Books

Your HR Ally: Kickstart your human resources career (2021)

Your HR Ally is specifically written for those eager to prove their worth in the first few years of their HR career, or anyone looking to understand human resources practices. This book will provide you with a comprehensive insight into the important pillars of HR, starting from the very beginning of the employee life cycle—recruitment—to the cessation of employment and beyond. Addressing topics authors have traditionally avoided, such as corporate politics and internal tensions that can arise from being a HR practitioner, Your HR Ally will teach you how to become a proficient player in an organisation’s political arena and kick-start your HR career into success.

Chapter 1: Build your Personal Brand

Chapter 2: Recruitment

Chapter 3: Safety 

Chapter 4: Employee Entitlements

Chapter 5: Employee Relations

Chapter 6: Negotiating Enterprise Agreements

Chapter 7: Organisational Development

Chapter 8: Reward and Recognition

Chapter 9: Reporting and Systems

Chapter 10: Business Politics

Book Review

Reviewed by Jamie Michele for Readers' Favorite

Your HR Ally: Kickstart Your Human Resources Career by Melissa Hume is a non-fiction self-help guide encompassing all things HR. More than that, though, it is the multifaceted lens through which anyone may look as it will provide those on the other side of the table, who are on the hunt for employment, with an insider's manual on how human resources actually works. Hume covers a massive number of topics and provides practical, streamlined advice over the course of ten chapters. These include but are certainly not limited to areas such as recruiting, safety, and a comprehensive look at different forms of leave, payroll matters, negotiating factors, employee relations, and reporting, among many other elements of the role.

My crash course in human resources came as I prepared to hire staff for a brick-and-mortar shop. I had completely overlooked that I was, first and foremost, an HR manager. My gosh, how I wish Melissa Hume had written Your HR Ally in 2007. But for the rest of you who are in the here and now, what a great fortune it is to have a wealth of information right at your fingertips. The most interesting topic was workplace culture, matching what a company embodies and, the part I most enjoyed, its commitment to diversity. The assumption that everyone is on the same page is a naïve point of view and building the framework with clear boundaries that leave no room for interpretation is key. This is a fantastic book with so much to offer and am sure others who pick it up will feel the same.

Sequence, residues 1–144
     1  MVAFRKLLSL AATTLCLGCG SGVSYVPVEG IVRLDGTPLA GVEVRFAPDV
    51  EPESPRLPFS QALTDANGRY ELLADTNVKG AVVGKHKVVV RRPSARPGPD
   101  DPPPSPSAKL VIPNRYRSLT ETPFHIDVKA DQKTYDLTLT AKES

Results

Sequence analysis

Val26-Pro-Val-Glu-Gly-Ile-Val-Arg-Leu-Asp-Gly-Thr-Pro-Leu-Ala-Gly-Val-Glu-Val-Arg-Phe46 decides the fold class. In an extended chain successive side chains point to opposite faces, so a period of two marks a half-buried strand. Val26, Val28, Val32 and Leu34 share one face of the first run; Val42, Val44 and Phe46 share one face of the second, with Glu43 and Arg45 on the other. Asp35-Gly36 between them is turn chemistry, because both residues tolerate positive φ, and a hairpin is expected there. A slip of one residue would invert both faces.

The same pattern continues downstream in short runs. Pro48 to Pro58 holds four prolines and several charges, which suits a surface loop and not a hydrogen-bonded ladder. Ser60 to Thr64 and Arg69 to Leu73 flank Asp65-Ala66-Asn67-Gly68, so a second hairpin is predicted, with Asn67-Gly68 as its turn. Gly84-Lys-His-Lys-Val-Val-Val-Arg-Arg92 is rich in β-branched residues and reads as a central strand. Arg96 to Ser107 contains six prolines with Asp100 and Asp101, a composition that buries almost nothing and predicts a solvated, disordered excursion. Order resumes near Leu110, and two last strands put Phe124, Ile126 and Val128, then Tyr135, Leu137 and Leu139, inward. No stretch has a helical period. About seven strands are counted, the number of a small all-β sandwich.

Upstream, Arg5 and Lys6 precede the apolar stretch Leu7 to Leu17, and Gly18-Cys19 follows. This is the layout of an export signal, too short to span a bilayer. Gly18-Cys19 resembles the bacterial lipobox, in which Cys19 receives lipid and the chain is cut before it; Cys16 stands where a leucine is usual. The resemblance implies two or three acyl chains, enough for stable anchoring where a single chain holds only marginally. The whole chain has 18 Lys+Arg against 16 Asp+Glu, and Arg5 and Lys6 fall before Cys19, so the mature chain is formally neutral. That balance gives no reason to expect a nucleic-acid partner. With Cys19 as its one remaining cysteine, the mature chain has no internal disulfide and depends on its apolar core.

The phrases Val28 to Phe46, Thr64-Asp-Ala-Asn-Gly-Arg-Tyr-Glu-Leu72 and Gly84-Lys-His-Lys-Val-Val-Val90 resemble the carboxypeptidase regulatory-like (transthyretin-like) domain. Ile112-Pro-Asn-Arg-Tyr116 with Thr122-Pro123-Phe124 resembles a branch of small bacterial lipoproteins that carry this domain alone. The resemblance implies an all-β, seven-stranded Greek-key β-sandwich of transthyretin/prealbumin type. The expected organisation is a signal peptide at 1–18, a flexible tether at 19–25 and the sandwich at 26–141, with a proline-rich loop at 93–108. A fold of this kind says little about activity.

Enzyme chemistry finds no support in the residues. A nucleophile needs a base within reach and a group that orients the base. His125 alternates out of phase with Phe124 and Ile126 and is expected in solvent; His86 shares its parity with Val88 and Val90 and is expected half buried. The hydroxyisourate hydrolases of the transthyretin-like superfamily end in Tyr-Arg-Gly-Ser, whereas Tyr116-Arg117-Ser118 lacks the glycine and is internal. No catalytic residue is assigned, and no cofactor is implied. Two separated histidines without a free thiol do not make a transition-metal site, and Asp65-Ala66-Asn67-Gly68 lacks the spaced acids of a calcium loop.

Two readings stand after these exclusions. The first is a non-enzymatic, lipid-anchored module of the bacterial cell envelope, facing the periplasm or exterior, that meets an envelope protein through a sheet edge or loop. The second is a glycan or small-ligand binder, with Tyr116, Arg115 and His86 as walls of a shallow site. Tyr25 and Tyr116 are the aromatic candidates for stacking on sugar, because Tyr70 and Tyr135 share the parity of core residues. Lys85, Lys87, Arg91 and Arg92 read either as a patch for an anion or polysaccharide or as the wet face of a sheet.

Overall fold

Career Guidance for Now and for the Future (2014)

If you’re looking for a good job, you’ve probably found out that they’re hard to find and even harder to get. Melissa Hume shares real-life experiences to help you understand how companies recruit and select candidates. She provides the guidance you need to:

• find the type of jobs you want;

• capture attention with your resume and cover letter;

• navigate the interview process;

• prepare for common interview questions;

• master the proper etiquette.

You’ll also learn how to boost your self-esteem by demonstrating your skills and knowledge to yourself. An assortment of useful exercises helps you truly understand and apply what you’ve learned. There’s even a section for employers on how to evaluate and select the best candidates. Whether you’re just entering the work force, returning after an extended break or simply seeking a change in direction, you’ll get the insights you need to find and get the job you want with Career Guidance for Now and for the Future.